It appears no one bothered to run anything more than a cursory background check, so they missed the allegations that started surfacing over the past couple of days, such as creating a hostile work environment, overprescribing and boozing.
Before he was president, Trump wasn’t among the upper echelon of New York real-estate developers, he wasn’t a fixture of civic life, and he seemed more at home on Page Six than on the front page of the Wall Street Journal.
Having even the most incomplete conversation about racism in American daily life is preferable to brushing the issue aside yet again. While closing their shops for the day may not sound like a lot, it’s better than we’ve come to expect
The very first use of clemency, in fact, was granted to enemies: In 1795, President George Washington pardoned some of the leaders of the Whiskey Rebellion, who had been sentenced to death for treason. It shouldn’t be for friends.
Things have gotten better. In 1958, 44 percent of white Americans said they’d move if a black family moved in next door. Forty years later, that number was 1 percent. Were some whites lying? Probably, sure. But most probably weren’t.
Democrat John Kerry was approved in a unanimous voice vote, including from Sen. Rand Paul, who opposes Pompeo. Democrat Hillary Clinton was approved 16 to 1, despite concerns about foreign donors to the Clinton Foundation.
Vague laws “invite the exercise of arbitrary power” by “leaving the people in the dark about what the law demands and allowing prosecutors and courts to make it up.” The lack of “precise and sufficient certainty” invites unpredictability.
House Republicans declined to pass a big immigration bill, and candidate Donald Trump ran a campaign that sometimes seemed designed to alienate rather than court Hispanics. Yet Trump slightly improved on Romney’s record with that group.
At any other major news organization, this would be a fireable offense. Recall that just months ago, CNN forced out three of its journalists for bypassing editorial processes in publishing an article that the network said was flawed.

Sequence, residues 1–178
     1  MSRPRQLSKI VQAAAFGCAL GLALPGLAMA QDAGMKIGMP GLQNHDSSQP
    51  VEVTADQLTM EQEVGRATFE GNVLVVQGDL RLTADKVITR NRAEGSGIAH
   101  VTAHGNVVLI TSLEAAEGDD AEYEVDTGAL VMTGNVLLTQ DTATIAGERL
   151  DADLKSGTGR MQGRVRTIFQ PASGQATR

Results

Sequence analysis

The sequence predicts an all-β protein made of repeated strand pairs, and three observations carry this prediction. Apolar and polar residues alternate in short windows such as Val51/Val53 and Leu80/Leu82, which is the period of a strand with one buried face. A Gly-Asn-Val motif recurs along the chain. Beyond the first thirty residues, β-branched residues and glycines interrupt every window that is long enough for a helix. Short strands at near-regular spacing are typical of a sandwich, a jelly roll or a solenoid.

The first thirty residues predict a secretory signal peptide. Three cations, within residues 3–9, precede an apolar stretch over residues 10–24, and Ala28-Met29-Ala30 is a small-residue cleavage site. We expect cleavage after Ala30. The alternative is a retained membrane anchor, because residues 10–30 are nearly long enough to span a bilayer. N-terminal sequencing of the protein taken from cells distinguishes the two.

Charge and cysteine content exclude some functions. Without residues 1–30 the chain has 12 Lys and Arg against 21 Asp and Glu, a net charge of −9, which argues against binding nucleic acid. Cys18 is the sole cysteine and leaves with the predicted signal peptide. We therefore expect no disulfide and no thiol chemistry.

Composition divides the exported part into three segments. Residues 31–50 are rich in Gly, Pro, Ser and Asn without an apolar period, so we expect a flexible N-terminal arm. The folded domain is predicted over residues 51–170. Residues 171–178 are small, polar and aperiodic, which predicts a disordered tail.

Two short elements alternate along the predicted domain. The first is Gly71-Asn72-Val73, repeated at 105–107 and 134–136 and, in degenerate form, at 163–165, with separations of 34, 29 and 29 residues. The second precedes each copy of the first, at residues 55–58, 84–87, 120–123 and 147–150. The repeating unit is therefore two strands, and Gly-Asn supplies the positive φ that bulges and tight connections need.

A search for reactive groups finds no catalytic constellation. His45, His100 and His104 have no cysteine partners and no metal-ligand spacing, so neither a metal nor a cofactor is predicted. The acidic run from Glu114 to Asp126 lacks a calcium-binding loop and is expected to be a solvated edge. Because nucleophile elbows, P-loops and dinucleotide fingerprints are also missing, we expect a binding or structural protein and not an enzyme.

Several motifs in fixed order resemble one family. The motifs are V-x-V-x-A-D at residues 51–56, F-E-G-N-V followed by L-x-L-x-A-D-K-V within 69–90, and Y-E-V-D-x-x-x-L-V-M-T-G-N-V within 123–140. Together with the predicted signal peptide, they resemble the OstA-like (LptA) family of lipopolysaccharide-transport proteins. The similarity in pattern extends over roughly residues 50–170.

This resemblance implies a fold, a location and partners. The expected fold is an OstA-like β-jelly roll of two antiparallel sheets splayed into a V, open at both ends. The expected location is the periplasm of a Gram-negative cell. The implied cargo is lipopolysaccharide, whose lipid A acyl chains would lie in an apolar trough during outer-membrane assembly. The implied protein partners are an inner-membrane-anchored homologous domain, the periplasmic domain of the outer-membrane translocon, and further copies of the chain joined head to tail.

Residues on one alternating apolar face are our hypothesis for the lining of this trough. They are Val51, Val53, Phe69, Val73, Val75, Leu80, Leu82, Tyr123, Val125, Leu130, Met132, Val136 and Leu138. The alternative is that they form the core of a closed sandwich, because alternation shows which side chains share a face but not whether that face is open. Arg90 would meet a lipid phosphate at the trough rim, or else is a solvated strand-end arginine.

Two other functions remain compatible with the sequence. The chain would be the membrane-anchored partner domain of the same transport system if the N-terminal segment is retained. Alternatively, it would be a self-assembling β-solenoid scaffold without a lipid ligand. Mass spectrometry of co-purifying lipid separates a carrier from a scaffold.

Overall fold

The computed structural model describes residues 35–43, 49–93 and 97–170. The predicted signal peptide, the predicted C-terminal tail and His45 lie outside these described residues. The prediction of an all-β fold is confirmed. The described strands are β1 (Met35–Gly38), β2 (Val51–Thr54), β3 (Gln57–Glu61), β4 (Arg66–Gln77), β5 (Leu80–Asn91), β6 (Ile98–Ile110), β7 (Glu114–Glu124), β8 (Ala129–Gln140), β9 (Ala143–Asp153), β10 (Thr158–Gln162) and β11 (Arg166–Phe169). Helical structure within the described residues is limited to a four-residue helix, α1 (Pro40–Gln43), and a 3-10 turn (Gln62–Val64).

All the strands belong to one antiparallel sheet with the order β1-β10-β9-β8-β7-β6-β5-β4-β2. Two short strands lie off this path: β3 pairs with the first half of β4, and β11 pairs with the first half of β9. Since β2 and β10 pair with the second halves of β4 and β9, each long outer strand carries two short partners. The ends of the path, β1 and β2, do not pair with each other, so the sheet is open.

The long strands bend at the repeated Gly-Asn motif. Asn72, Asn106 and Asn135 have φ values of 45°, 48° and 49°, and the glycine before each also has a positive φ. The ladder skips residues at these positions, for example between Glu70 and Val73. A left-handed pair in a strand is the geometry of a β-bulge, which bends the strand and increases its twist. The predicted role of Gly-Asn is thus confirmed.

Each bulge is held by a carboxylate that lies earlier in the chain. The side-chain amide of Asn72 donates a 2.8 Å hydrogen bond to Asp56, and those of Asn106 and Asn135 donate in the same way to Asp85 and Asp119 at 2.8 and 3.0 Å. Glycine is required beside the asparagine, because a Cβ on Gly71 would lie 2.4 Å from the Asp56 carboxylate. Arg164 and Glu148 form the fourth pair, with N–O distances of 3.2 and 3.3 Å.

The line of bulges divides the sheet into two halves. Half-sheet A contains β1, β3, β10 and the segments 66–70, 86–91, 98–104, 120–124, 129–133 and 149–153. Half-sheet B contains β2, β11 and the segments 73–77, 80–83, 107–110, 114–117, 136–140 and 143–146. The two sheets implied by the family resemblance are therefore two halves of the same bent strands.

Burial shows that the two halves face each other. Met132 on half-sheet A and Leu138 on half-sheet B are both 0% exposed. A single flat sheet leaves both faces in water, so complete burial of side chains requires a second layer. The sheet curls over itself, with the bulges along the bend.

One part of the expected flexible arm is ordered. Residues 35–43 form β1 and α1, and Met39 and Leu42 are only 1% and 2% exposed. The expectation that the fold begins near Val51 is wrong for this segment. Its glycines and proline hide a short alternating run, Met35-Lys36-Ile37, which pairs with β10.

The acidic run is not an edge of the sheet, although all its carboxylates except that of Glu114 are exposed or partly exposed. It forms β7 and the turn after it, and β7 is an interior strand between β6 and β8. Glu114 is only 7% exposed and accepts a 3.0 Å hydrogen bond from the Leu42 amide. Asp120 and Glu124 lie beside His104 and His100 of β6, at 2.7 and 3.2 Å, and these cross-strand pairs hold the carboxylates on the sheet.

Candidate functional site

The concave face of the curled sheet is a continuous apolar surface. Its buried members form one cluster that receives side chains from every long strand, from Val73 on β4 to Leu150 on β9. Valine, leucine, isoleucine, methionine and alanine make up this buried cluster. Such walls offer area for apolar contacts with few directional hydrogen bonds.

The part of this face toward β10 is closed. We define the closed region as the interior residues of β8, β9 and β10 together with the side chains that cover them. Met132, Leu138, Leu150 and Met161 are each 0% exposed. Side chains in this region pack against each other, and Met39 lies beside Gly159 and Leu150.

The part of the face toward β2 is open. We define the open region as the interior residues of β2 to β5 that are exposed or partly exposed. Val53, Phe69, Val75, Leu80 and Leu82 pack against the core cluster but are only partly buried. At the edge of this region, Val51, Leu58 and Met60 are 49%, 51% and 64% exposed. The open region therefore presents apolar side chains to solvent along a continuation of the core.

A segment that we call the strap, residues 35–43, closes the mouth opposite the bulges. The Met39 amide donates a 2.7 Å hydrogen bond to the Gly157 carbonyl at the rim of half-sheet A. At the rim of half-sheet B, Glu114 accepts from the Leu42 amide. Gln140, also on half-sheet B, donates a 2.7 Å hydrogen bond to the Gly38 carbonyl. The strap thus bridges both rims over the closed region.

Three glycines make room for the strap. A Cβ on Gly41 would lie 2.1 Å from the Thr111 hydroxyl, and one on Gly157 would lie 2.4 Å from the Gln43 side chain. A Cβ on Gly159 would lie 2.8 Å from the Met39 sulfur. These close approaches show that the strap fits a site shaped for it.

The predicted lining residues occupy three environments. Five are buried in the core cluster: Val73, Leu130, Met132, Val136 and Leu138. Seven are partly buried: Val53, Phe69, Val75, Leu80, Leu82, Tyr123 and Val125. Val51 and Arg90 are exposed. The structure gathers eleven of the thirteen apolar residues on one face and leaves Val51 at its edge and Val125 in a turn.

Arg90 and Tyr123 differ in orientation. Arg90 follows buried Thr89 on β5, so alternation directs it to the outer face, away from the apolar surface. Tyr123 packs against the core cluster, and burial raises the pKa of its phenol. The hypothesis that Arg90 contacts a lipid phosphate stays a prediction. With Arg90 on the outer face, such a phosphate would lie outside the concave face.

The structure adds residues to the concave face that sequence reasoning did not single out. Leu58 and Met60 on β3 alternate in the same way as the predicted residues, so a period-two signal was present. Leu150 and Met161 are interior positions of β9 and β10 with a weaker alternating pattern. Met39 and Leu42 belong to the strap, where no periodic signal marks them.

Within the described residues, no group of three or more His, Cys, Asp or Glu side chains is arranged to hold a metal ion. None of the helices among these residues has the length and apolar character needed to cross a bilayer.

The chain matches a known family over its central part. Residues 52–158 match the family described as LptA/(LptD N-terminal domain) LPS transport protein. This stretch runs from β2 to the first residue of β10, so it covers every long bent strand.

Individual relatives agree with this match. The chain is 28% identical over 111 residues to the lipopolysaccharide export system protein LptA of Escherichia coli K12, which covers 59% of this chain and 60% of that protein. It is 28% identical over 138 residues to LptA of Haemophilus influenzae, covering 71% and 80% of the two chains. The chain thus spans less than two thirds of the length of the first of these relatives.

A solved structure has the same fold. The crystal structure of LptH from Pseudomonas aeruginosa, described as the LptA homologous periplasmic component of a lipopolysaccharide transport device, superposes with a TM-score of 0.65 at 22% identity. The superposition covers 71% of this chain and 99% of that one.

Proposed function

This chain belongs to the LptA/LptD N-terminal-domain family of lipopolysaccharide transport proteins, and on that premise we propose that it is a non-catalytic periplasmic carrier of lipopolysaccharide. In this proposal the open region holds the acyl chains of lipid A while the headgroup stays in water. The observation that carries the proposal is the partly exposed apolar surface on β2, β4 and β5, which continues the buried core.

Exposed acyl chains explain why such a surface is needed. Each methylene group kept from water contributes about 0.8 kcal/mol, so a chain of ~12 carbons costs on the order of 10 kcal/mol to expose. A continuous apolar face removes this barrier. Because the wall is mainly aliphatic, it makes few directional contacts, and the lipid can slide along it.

Starbucks is a place that waves the rainbow flag, that strongly supports Planned Parenthood and its mission to make America safe for “choice,” and that has been fairly clear about its position on the Trump administration.
The outcome in Syria that would have best served American values and interests? A well-armed coalition of moderate rebels forcing the regime to the negotiating table, resulting in a coalition government that includes some regime elements.
“I would love to be able to bring back our country into a great form of unity,” said Trump. “Without a major event where people pull together, that’s hard to do. But I would like to do it without that major event because usually that major event is not a good thing.”
Surveys find that current college students are more likely to express support for speech restrictions, and less for the benefits of free speech, than graduates. Politically conservative views are restricted more than liberal ones.
Instead of engaging with the issue of representation, which would have made for a more satirical and topical show — you know, the type “The Simpsons” used to do years ago — the writers responded with the worst creative sin: laziness.
The standard story of the Progressive Era, taught to high school kids and college students alike, is that the government has come to the rescue time and again to curtail the excesses of selfish, dastardly big businesses.
U.S. Surgeon General Jerome Adams, a doctor, is out there, telling the country, “We need to see addiction as a chronic disease and not a moral failing.” Imagine President George H.W. Bush saying those words about the crack epidemic.
Last year, Trump delivered a measured, proportionate response to Assad’s chemical attack, hoping this would deter the dictator. The U.S. should destroy all Syrian military aviation infrastructure, says retired Gen. Jack Keane.
The increased generosity of Social Security benefits is an important contributor to our projected debt. Congress has not kept passing legislation to expand those benefits. But the program automatically expands benefits over time.
In making his decision to place party over country and corporate tax cuts over defense of democratic values, Ryan failed to comprehend the depth of Trump’s unfitness and the centrality of character in determining a president’s success.
“I’m not going to be president,” Kennedy says. It is an astonishingly honest line, full of self-pity, full of real pain, full of the heavy weight of family obligation and the memory of his late brothers Joe, John and Robert.